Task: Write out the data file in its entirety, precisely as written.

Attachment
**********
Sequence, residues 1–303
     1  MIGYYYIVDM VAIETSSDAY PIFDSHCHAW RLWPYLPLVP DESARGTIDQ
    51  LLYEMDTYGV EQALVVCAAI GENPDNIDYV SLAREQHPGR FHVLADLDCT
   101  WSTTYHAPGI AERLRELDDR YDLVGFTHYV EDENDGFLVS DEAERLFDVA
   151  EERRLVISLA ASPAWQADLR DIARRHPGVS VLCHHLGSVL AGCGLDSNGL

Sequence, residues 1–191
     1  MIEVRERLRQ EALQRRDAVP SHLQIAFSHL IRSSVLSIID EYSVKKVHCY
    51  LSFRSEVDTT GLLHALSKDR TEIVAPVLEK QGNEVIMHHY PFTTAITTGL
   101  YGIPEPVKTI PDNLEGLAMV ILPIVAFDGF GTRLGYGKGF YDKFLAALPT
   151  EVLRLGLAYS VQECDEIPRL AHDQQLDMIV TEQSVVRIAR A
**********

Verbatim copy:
Sequence, residues 1–303
     1  MIGYYYIVDM VAIETSSDAY PIFDSHCHAW RLWPYLPLVP DESARGTIDQ
    51  LLYEMDTYGV EQALVVCAAI GENPDNIDYV SLAREQHPGR FHVLADLDCT
   101  WSTTYHAPGI AERLRELDDR YDLVGFTHYV EDENDGFLVS DEAERLFDVA
   151  EERRLVISLA ASPAWQADLR DIARRHPGVS VLCHHLGSVL AGCGLDSNGL

Sequence, residues 1–191
     1  MIEVRERLRQ EALQRRDAVP SHLQIAFSHL IRSSVLSIID EYSVKKVHCY
    51  LSFRSEVDTT GLLHALSKDR TEIVAPVLEK QGNEVIMHHY PFTTAITTGL
   101  YGIPEPVKTI PDNLEGLAMV ILPIVAFDGF GTRLGYGKGF YDKFLAALPT
   151  EVLRLGLAYS VQECDEIPRL AHDQQLDMIV TEQSVVRIAR A